Saturday 1 October 2016

€40m grants to fund study of cancer relapse and medicinal uses of coral

Published 04/08/2016 | 02:30

Marine biologist Dr Louise Allcock from the Marine Institute at NUI Galway is leading a team of researchers who will be analysing samples of coral and sponge from the deep sea shelf off the west coast to see whether they contain as-yet undiscovered compounds or properties that can be used in medicine.
Marine biologist Dr Louise Allcock from the Marine Institute at NUI Galway is leading a team of researchers who will be analysing samples of coral and sponge from the deep sea shelf off the west coast to see whether they contain as-yet undiscovered compounds or properties that can be used in medicine.

A study aimed at easing the aggressive treatment used to treat breast and prostate cancer while preventing relapse is among a raft of major scientific research projects that have been given the green light.

  • Go To

The project - which is spearheaded by UCD professor Catherine Godson - is among 24 winning projects announced by Jobs, Enterprise and Innovation Minister Mary Mitchell-O'Connor yesterday that have been earmarked for €40m in research funding.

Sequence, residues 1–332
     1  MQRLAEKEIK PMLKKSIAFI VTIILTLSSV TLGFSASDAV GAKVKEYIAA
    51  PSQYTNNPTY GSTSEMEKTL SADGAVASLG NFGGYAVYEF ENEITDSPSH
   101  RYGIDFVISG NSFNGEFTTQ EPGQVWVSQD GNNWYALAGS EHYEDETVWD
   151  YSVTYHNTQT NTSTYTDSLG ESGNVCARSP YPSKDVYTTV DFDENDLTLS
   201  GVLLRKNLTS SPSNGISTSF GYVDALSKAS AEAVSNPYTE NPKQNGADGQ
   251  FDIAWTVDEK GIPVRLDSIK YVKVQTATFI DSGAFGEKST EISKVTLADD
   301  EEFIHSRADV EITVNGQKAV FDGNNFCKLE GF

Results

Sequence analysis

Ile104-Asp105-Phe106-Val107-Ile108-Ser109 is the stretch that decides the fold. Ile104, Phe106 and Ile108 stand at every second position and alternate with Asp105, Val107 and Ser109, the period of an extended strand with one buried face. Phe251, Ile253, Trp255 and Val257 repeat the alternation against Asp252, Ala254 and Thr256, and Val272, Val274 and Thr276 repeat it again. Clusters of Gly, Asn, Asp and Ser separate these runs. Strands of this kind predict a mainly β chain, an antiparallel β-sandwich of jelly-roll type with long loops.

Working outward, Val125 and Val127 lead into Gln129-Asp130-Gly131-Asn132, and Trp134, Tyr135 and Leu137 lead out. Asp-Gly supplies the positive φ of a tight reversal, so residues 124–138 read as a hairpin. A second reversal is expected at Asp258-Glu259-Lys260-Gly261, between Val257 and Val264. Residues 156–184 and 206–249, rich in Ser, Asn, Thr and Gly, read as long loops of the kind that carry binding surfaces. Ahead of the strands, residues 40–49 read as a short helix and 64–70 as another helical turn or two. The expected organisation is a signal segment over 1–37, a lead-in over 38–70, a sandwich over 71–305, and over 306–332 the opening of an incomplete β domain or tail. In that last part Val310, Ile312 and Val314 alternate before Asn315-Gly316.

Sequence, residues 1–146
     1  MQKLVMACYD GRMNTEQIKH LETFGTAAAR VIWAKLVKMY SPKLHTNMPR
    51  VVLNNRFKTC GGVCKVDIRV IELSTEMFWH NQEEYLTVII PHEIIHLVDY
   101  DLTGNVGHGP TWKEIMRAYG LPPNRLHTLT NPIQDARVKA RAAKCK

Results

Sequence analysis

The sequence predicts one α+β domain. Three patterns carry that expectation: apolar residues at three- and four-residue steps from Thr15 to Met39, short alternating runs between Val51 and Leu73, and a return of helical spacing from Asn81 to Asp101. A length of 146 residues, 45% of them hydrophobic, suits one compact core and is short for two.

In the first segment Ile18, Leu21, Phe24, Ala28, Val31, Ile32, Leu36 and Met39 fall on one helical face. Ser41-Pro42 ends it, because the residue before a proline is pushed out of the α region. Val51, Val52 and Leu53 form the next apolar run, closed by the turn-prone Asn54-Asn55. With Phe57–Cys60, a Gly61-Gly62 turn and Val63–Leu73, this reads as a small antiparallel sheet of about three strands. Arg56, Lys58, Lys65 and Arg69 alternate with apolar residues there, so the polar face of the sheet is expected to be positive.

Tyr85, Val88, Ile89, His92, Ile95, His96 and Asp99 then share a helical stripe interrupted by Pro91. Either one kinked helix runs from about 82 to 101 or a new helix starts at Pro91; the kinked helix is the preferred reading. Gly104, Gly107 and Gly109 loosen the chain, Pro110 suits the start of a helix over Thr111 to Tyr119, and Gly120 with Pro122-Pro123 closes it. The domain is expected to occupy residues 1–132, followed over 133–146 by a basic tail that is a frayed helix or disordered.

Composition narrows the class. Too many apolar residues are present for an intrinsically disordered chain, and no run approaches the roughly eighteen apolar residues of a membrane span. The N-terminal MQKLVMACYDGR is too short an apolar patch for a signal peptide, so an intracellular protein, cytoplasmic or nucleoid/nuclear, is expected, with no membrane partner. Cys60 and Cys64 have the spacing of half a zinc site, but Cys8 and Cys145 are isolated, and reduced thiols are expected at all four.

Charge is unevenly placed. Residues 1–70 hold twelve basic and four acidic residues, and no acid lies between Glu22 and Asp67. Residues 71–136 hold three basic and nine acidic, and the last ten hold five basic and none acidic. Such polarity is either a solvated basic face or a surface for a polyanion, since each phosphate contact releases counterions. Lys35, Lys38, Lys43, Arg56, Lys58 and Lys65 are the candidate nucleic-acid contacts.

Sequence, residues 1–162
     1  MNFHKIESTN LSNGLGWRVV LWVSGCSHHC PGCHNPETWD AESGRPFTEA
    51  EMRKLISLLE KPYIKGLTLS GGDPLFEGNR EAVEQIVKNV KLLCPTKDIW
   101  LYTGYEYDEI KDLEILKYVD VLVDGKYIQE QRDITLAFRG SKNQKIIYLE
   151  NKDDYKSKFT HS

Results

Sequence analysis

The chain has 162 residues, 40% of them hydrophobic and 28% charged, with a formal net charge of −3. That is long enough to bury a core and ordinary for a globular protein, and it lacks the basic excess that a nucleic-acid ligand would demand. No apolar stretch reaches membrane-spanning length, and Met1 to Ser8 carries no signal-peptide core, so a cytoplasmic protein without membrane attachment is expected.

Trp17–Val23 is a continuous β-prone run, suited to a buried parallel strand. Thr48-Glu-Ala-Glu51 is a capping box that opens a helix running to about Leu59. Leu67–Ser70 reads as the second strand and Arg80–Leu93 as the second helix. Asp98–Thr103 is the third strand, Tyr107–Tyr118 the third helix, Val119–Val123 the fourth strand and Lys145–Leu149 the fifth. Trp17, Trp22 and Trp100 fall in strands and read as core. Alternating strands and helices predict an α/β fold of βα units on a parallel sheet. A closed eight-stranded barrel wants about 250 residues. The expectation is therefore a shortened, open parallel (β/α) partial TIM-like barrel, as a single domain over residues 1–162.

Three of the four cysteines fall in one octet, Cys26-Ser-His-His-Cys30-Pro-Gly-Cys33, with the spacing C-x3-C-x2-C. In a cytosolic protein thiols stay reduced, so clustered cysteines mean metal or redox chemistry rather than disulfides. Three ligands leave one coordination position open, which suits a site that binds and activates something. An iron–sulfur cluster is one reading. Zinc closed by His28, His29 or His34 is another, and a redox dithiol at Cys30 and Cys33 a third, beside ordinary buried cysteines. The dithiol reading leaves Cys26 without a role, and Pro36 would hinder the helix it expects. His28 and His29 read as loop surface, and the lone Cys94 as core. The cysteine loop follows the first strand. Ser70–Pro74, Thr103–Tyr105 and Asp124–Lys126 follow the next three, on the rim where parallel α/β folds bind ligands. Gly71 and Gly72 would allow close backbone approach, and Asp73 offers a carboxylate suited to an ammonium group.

Ms Godson's team will receive more than €2.5m in funding.

This will enable them to develop two clinical tests which will indicate the likelihood of tumours reoccurring following surgery.

The study aims to address a problem facing oncologists in which breast and prostate cancer patients are often given more aggressive treatment than necessary.

This occurs despite the fact that tumours can now be diagnosed at an earlier stage due to improvements in screening programmes.

Many early-stage cancers are unlikely to return following surgery.

However, some cancers do return because doctors cannot currently distinguish between low-risk and high-risk tumours.

Another project that will receive funding involves searching the coral beds of the Atlantic.

The project will explore the pharmacological potential of coral from the Atlantic off the Irish coast.

Dr Louise Allcock of the Marine Institute at NUI Galway, is leading a team of researchers who will be analysing samples of coral and sponge to see if they contain beneficial properties that can be used in medicine.

The €1.9m project will see researchers extract compounds from coral over the next five years.

Researchers will examine the coral and sea sponges to see whether "extreme environmental conditions promote the evolution of novel compounds".

Irish Independent

Read More

Promoted articles

Editor's Choice

Also in Irish News